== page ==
Last night, as Congress finally ended the government shutdown and the Tea Party’s dreams of ending Obamacare through sheer force of will faded once again, Iowa’s KCRG asked local lawmakers to reflect on the 16-day shutdown and near default. Republican Rep. Steve King, a Tea Party stalwart and cheerleader of the shutdown, waxed philosophical, telling the station that he merely wants “to continue to unleash human nature” in the United States.
“I want what’s best for the long-term best interests of this country, I want it to be on constitutional underpinnings, and I want to continue to unleash human nature,” he said. “And I’m afraid we’re going in the other direction here, and that is troubling to me.”
Iowa congressman Steve King, who joined fellow Republicans Rep. Michelle Bachman and Rep. Louis Gohmert in Egypt last week, where they delivered a televised message praising the Egyptian military’s crackdown on dissenters, claims that the group’s insistence that the Muslim Brotherhood was linked to the 9/11 terrorist attacks comes from a “very reliable” source “within the Middle East.” But he won’t say who his source is because “then it would be a political incident.”
The Bush administration’s 9/11 commission found no such link, except to note a handful of instances where Al Qaeda members had peripheral contact with the sprawling group.
While Bachmann has attempted to backtrack from the comments, King has characteristically doubled down.
The Omaha World-Herald reports:
Tuesday, during a call with reporters, King defended Bachmann's statements.
King said he had received evidence tying the Muslim Brotherhood to both the terrorist attacks of Sept. 11, 2001, and last year's attack on the U.S. Consulate in Benghazi, Libya. He said his information comes from “very well-placed sources within the Middle East.”
Pressed for more details, King declined to specify even the country from which the information originated.
“That source is a very reliable source and it is very sensitive,” King said. “If I were to clarify the source of it, then it would be a political incident. And I'd just as soon not initiate that.”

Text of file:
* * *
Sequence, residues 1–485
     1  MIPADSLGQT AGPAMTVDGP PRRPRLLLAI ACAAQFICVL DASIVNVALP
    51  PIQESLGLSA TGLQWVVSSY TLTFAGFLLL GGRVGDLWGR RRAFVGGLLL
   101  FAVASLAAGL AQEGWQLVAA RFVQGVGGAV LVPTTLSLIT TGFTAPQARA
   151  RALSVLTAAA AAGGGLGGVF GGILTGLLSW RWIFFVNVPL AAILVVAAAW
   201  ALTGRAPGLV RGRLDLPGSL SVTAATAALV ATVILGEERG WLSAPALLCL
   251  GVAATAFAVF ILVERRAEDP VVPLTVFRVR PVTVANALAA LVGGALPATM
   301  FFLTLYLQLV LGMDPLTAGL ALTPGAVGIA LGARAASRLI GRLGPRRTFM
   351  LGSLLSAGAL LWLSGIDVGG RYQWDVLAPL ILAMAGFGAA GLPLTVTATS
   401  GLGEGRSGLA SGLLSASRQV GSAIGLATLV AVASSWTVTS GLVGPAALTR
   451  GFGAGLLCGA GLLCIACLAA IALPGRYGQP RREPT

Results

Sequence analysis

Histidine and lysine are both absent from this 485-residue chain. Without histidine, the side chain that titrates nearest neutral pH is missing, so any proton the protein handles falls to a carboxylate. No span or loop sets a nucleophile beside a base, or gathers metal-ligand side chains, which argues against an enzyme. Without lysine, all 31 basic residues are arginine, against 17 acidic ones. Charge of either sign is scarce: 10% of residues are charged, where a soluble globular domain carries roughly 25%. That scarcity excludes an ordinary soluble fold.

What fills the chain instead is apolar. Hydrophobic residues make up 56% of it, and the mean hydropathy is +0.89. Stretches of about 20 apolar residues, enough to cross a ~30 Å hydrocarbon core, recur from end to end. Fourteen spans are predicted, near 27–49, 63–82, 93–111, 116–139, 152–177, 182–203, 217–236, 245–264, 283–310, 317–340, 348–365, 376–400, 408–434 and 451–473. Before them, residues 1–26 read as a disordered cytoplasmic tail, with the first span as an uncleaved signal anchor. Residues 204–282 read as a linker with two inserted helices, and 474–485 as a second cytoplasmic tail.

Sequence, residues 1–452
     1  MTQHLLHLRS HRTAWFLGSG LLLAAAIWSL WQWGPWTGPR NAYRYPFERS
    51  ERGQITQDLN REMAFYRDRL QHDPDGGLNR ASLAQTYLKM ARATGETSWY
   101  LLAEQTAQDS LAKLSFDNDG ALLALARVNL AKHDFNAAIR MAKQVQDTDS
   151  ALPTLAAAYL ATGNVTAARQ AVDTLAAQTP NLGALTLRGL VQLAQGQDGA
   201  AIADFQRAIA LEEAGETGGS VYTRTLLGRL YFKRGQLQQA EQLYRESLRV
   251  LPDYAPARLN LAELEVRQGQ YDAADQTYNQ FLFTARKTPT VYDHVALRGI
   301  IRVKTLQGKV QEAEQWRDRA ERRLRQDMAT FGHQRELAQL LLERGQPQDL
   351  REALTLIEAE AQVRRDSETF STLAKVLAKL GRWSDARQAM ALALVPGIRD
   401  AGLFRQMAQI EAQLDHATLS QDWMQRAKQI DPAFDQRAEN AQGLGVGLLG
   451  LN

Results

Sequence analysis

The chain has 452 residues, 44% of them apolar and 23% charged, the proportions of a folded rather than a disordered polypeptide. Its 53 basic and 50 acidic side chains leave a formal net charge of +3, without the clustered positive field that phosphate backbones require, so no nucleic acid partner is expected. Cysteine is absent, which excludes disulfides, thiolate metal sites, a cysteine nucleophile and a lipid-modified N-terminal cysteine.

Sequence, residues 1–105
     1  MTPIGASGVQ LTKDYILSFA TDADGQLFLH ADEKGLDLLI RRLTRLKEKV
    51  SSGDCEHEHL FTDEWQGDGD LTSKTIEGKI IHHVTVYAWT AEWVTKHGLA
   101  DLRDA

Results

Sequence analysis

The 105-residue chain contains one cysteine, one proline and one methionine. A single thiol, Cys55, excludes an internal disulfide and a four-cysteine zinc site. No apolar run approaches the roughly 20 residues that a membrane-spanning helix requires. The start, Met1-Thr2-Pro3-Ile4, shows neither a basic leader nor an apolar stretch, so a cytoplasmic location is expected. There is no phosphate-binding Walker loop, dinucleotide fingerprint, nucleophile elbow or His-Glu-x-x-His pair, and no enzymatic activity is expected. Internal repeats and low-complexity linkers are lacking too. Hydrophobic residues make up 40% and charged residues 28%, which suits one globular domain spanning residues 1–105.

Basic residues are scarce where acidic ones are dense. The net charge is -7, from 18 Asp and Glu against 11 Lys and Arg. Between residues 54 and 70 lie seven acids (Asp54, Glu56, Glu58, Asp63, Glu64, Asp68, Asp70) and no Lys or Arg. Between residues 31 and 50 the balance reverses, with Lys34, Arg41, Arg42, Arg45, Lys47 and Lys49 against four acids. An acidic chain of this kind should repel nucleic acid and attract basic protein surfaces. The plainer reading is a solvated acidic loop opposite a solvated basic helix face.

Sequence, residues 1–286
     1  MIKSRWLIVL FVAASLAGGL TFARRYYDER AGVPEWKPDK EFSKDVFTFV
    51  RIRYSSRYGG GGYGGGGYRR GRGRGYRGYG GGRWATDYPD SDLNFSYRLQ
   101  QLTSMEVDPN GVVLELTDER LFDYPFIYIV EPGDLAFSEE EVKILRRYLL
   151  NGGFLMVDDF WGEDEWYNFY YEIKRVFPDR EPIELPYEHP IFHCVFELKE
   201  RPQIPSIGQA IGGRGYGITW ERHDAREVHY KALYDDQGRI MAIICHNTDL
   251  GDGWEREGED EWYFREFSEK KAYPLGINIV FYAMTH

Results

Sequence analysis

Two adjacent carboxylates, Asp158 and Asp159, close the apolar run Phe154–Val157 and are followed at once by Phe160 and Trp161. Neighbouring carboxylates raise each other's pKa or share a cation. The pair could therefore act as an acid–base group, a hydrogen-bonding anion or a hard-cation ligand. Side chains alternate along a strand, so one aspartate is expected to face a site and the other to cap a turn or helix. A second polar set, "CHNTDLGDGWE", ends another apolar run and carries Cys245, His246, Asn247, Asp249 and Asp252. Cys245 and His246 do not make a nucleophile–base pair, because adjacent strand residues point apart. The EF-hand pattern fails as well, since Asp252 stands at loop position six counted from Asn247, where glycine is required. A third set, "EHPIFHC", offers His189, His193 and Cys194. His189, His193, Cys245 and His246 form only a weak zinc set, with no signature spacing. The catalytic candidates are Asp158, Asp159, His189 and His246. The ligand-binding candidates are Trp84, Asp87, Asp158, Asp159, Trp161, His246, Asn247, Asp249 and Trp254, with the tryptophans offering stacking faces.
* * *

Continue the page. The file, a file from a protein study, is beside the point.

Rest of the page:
Radio Iowa adds:
“I have received evidence that there was a foundation there among the Muslim Brotherhood in each of those cases and it’s not something that I think that they can just simply say is wrong. They would have to be the ones to prove the negative,” King said. “It takes a fair amount of self-confidence, sometimes misplaced self-confidence, to be so critical with a basis to do so.”
King was asked twice during his telephone news conference to reveal the source of his information.
“I think I’ll just stick with my answer of very well-placed sources within the Middle East,” King said, “and I think that it will be verified over time.”
One of the chief players in Republican politics in Iowa yesterday praised Russian president Vladimir Putin for his role in criminalizing speech supportive of gay rights as part of a larger crackdown on the country’s LGBT community. Bob Vander Plaats, head of the group The Family Leader and recent host of a summit with likely presidential candidates Ted Cruz and Rick Santorum, defended the ban in an interview with conservative talk show host Steve Deace.
While speaking about the crisis in Syria, Vander Plaats commended Putin for appropriating American “strengths” like “military might, decisive action, core values, morality, beliefs,” which have now “defaulted into our weaknesses because of Barack Obama.”
Vander Plaats praised Putin for taking a stand and saying “don’t bring this homosexual propaganda into my country for the Olympics; we believe in one man, one woman marriage; there is no homosexual marriage in Russia.”
Vander Plaats: He has taken what used to be our strengths — military might, decisive action, core values, morality, beliefs — and he’s saying, those are being turned into your guys’ weakness and guess what I’m doing? I’m taking those. I’m taking decisive leadership, you’re following my lead. As a matter of fact, Obama’s now agreeing with Putin, ‘oh you know maybe we’ve got some other options here now.’ So he’s taking Putin’s lead. Putin’s saying, ‘you know what don’t bring this homosexual propaganda into my country for the Olympics; we believe in one man, one woman marriage; there is no homosexual marriage in Russia.’
Deace: Says the guy that just kicked his wife of four decades to the curb.
Vander Plaats: It doesn’t matter. He’s taken what used to be our strengths, which has now defaulted into our weaknesses because of Barack Obama, no leadership, and he’s making them his strengths and he’s emerging now on the world stage as a newly discovered leader. Ladies and gentlemen this is why you need to rise up, this is why we rise up, to demonstrate, we do have a voice in this process.
Of course for gay people and gay rights advocates in Russia, they will no longer have a voice in the already-undemocratic state.